Of course, this is just a very early appraisal, and GigaGamez hopes to speak with the teams behind Vanguard and LOTR Online soon, to get their take. But the cruel irony is that even if these games gained a paying audience of a million each, and became profitable in the process, many would still judge them as a failure, held against WoW’s mercilessly high standards.



Minigames on a website affecting your character is a tremendous assault on the very idea of a roleplaying game. Even if all or most players do not stay in character, the game itself should ALWAYS maintain the integrity of the game world.

Jon R.

Oh good. A link to an open reply. In the comments.

Fucking bloggers.

And the thing about MMOs, so far, is that you can be incredibly half-assed with the infrstructure and even the server code and still make enough to at least stay alive. The deal with Ragnarok Online was the first real indication of this, with the private servers ultimately being more capable than the actual code used for the official servers. Yet Gravity is going on to make Ragnarok Online 2.

I find it utterly baffling that anyone would wonder if it were sustainable at this point. WoW is probably the biggest developmental trainwreck the genre has ever seen, yet it’s apparently capable of supporting (for a great lack of a better term) the largest playerbase of all MMOs for two years, and allowed for an expansion.

Is it sustainable? APPARENTLY SO, NIMROD. Not only are people paying the highest subscription fee yet, people are evidently willing to pay an even more ridiculous fee for problems that WoW’s fucked architecture itself creates, like character transfers.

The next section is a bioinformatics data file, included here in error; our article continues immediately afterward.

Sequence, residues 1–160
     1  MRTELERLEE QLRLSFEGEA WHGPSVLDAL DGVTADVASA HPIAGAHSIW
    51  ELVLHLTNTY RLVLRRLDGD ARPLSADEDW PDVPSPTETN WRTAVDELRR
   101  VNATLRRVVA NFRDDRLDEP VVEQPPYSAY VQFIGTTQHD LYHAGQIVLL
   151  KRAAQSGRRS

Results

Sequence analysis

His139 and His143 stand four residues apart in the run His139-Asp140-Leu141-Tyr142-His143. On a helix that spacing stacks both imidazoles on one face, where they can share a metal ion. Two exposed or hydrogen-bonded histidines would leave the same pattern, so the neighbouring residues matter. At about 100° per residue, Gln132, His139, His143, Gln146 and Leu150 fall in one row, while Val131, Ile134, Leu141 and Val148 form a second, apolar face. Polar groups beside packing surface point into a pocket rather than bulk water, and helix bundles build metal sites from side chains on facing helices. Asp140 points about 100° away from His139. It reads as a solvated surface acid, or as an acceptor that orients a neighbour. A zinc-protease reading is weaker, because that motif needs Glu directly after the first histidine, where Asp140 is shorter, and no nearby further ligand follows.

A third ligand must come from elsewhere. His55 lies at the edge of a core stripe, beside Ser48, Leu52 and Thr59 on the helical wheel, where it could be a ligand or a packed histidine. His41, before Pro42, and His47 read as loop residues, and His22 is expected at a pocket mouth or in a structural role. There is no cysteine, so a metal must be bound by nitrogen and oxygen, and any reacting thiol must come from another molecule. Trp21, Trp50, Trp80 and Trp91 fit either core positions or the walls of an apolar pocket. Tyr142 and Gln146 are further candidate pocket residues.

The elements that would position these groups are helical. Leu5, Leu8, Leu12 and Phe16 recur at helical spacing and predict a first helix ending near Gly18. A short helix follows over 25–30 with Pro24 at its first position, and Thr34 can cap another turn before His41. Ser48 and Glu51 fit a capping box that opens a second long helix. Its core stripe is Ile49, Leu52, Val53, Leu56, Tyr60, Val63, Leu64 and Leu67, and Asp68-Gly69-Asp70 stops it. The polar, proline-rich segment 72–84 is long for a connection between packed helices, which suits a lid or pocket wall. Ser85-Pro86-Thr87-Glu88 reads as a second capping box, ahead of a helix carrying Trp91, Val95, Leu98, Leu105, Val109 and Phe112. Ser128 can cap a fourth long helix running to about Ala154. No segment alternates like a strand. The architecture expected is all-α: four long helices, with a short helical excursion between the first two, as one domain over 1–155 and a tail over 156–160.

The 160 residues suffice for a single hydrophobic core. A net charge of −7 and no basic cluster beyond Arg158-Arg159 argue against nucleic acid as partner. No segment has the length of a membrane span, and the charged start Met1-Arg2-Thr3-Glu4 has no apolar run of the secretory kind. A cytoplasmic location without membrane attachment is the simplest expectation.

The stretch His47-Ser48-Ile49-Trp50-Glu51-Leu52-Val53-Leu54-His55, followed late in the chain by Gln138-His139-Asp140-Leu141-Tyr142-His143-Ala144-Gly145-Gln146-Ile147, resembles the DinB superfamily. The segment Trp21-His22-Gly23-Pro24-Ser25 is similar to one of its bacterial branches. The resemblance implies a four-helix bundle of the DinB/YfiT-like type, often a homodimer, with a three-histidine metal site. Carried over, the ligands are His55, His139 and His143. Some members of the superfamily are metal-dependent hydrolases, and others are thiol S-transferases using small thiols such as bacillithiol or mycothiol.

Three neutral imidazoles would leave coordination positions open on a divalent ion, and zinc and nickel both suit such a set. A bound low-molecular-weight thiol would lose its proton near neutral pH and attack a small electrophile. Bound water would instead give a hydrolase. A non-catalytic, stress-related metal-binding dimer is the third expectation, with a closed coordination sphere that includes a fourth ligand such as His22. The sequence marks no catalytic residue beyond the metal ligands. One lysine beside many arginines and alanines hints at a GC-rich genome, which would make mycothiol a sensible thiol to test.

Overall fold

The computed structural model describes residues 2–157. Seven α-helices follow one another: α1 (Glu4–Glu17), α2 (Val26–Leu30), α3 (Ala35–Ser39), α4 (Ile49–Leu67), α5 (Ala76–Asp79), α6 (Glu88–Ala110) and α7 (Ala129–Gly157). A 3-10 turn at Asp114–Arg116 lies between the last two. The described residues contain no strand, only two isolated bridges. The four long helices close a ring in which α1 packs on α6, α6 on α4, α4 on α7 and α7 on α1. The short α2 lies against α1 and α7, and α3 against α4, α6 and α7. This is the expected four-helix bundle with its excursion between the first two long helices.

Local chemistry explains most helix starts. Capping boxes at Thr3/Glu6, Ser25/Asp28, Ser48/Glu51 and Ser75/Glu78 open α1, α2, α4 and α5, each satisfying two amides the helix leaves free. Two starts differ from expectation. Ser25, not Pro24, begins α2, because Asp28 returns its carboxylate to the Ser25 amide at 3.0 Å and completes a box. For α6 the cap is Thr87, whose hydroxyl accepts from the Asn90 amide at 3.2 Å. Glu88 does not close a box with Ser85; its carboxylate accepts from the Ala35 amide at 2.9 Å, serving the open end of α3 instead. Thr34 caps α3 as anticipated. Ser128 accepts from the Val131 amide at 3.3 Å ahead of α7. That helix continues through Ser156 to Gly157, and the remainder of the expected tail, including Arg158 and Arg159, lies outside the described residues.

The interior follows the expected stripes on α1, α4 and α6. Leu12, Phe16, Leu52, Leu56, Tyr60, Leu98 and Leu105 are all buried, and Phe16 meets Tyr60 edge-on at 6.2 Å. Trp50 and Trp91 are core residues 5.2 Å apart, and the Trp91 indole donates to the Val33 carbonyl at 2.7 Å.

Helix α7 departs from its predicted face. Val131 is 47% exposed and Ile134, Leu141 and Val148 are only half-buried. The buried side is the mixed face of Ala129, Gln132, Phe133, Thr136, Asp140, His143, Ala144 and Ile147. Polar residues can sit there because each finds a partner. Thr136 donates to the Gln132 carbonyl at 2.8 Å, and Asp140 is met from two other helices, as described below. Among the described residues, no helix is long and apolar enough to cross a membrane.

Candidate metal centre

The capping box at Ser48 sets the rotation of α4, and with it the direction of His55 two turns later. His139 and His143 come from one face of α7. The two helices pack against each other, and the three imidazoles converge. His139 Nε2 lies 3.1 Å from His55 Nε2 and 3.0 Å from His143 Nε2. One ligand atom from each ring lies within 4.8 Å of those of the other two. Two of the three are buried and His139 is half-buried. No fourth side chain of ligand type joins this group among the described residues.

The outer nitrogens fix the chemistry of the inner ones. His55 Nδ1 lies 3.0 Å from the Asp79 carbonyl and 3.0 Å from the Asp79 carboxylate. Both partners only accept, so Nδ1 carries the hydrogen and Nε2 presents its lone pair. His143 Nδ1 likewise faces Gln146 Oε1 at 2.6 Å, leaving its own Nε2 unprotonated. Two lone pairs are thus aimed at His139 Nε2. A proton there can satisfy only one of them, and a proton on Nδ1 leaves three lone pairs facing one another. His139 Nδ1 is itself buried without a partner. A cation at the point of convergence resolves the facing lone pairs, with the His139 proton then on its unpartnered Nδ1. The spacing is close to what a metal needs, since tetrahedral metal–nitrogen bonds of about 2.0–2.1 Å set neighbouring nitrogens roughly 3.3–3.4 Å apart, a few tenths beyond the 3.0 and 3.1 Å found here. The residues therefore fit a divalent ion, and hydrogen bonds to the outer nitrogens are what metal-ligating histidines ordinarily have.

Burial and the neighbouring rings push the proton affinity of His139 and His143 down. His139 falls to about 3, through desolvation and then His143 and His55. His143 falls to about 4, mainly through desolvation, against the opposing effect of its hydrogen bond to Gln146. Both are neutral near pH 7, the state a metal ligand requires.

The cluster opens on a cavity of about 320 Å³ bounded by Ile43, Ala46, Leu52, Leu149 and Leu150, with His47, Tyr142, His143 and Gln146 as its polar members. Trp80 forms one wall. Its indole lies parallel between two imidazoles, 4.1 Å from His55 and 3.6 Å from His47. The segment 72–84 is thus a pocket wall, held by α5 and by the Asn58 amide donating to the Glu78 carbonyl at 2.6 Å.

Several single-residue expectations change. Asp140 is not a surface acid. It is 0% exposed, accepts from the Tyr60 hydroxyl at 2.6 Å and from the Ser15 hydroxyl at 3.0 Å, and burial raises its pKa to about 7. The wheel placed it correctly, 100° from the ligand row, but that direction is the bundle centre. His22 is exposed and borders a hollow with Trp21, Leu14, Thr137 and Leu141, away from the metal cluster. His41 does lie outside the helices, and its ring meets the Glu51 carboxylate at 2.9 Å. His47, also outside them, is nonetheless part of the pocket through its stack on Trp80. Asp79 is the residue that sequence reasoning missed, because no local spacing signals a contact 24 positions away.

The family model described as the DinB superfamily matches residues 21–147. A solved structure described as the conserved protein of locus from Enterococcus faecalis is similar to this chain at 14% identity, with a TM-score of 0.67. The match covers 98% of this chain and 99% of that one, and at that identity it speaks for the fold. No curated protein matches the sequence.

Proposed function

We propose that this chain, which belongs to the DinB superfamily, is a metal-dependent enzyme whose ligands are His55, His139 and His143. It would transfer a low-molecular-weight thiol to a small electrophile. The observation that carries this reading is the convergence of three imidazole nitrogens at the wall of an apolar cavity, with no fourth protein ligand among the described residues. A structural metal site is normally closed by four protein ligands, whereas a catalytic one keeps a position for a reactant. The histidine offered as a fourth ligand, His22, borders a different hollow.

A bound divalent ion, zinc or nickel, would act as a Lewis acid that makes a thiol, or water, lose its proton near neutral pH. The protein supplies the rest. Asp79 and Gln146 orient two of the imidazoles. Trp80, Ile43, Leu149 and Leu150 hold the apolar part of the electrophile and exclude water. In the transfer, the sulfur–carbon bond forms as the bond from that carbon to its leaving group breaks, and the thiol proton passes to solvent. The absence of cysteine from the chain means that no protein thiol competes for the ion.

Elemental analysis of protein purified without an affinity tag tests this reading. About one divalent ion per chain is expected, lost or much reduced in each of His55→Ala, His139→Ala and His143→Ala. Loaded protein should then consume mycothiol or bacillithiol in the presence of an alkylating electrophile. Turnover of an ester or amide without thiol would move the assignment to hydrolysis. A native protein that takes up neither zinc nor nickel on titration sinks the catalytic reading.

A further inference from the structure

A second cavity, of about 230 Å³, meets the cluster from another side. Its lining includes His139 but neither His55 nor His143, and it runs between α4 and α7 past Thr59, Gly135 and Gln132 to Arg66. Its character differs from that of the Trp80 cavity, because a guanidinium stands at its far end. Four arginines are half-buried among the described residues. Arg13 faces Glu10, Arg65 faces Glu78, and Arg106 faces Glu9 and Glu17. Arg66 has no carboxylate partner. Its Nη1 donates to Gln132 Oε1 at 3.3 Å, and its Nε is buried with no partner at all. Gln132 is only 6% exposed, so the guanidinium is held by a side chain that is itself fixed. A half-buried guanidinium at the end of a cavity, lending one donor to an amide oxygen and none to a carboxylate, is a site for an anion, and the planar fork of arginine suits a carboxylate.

I don’t even know what factors would lead to the question. Millions of players, $15 dollars a month. None of which can be seen as going into hiring those moneysinks we call “competent developers”. And none of the players seem to mind that one bit.

By the by, i love that Au’s example of what LotR:O has going for it is a feature that apparently has not at all materialized.

“Minigames on the website will affect your real progression in (currently unspecified) ways.”

Yep! Sounds promising! That’ll make it in!

The fact is that the only thing we’ve learned so far is that we’ve reached the absolute market limit of games made by Brad McQuaid. WoW, grievous infrastructure issues notwithstanding, is the only game to really break away from his brand of grindy, soul-sucking proto-games.

Adam MacDonald

Surely one criteria for success is profit and not overall revenue, right? I ask that because I never see anyone ever mention anything about Blizzard’s costs. Yes, they have a river of money. But outside of some private discussions and things overheard at the AGC, no one ever seems to ask how much WoW is actually costing Vivendi per month domestically and overseas. Particularly in China. And is that sustainable? (Some people who saw their China co-lo datacenter didn’t think so.)

My point is that you seem to be dismissing VG and LotRO and really any other MMO title compared to WoW because of their sub count. Doesn’t that interpretation only makes sense if you are going for a monopoly? Winner-takes-all as a success criteria doesn’t seem to make sense for online businesses who can succeed in a niche. Plenty of providers are succeeding with